|•||The median salary for full-time employees grew 6%, from $75,000 last year to $79,380 this year.2 This rise likely reflects tight labor markets for the highly-skilled engineers and scientists prevalent in our community.|
|•||The COVID-19 pandemic has strongly impacted workers, with 74% reporting a moderate or greater effect on their personal, academic, and professional lives, though two-thirds report no COVID-19-related reductions in pay.|
|•||Salaries paid in Chinese yuan are up 3% versus last year, but have increased 129% since 2011. Earnings in U. S. dollars were up 6%, while pay in Japanese yen rose 3%. Euro salaries declined 4% and pay in British pounds fell by 10%.|
|•||The highest-paid discipline is aerospace, with a median income of $118,825. Aerospace has held the top spot for all eleven years that the survey has been conducted.|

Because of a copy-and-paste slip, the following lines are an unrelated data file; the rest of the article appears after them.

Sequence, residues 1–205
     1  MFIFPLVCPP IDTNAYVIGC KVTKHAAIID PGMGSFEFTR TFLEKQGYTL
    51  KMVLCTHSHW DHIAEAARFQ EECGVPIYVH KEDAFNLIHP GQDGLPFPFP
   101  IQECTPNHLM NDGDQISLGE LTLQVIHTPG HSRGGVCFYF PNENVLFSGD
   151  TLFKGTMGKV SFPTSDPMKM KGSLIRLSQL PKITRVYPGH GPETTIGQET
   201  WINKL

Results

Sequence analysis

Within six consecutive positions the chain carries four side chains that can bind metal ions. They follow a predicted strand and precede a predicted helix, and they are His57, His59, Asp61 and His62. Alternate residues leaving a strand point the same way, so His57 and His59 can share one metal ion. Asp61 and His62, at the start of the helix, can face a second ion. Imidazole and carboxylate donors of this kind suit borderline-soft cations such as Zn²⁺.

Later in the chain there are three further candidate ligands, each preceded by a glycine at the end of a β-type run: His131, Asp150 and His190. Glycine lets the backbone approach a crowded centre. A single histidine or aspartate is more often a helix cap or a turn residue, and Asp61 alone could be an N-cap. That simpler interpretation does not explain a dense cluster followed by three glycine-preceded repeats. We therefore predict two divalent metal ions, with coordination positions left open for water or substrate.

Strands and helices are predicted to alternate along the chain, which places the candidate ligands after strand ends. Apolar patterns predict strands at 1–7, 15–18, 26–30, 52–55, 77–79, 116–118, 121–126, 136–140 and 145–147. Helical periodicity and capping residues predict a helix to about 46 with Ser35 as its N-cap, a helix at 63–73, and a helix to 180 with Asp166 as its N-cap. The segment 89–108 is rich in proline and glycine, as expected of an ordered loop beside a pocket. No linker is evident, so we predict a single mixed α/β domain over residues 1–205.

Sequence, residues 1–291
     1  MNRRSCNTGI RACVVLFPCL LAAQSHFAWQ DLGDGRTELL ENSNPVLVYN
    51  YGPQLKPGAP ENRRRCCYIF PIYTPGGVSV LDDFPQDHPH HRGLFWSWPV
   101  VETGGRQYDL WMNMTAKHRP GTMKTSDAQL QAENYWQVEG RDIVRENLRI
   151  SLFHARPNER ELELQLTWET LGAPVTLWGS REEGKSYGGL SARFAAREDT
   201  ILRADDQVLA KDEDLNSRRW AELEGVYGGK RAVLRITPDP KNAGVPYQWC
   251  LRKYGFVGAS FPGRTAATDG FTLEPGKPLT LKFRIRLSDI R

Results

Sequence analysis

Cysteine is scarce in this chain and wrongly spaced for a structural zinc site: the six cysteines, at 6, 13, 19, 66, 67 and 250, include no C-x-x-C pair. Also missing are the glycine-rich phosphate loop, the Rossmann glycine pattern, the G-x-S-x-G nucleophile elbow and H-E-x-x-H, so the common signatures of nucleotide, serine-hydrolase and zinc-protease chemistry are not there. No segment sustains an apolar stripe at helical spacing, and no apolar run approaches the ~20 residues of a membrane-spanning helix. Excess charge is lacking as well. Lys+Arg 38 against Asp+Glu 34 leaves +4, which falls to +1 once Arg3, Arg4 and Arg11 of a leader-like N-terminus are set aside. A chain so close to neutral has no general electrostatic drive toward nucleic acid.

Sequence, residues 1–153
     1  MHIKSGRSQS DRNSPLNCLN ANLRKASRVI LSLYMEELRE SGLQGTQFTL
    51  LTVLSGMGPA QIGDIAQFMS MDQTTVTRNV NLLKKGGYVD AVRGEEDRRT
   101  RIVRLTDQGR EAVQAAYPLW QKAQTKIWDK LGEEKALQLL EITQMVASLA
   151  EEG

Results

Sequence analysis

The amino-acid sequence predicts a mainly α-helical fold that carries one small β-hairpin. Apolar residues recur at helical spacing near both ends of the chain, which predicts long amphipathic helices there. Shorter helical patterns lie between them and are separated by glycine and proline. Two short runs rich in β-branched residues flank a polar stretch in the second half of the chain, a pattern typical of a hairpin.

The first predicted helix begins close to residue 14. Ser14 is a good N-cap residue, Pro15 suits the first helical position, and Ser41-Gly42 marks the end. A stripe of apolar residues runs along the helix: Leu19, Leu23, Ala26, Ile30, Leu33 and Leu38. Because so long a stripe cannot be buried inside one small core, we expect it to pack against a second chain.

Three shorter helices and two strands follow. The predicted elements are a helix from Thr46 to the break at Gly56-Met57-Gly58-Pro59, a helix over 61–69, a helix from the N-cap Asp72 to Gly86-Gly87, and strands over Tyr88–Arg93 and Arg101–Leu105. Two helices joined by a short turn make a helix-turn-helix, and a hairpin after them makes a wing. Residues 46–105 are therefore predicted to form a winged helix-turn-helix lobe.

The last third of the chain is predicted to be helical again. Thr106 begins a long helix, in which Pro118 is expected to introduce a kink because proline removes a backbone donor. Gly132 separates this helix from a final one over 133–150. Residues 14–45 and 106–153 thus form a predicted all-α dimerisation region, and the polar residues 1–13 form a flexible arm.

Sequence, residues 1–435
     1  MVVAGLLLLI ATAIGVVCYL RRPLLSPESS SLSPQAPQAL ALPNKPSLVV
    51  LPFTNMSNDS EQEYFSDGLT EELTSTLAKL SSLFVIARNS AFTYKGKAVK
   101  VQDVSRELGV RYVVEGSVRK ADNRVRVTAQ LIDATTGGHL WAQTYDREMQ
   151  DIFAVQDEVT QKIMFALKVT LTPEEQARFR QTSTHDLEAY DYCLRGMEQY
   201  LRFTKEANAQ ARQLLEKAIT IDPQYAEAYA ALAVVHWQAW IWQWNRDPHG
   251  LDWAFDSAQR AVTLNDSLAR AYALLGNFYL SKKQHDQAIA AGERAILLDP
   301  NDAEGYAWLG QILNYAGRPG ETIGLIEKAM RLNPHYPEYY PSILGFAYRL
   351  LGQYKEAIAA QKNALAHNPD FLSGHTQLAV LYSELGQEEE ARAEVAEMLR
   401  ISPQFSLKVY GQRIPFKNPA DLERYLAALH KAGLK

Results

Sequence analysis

|•||Median salaries are 28% higher overall for men than for women, up from 21% in last year’s survey. Differences in pay are lowest during early career stages.|
|•||Most full-time workers surveyed (64%) identify as engineers. Within this group, 57% have engineering degrees and are working as engineers, 24% have engineering degrees but are not working as engineers, and 19% work as engineers without having engineering degrees.|
|•||The most popular engineering degrees are electrical (25%) and optical (20%), with engineering physics (13%) falling in third place.|
|•||The largest proportion of engineers focus their work on optical engineering (40%), followed by electrical (11%).|
|•||Startups account for just over 14% of workers at for-profit organizations. These workers earn median salaries of $91,450, versus $105,651 for those at traditional companies.|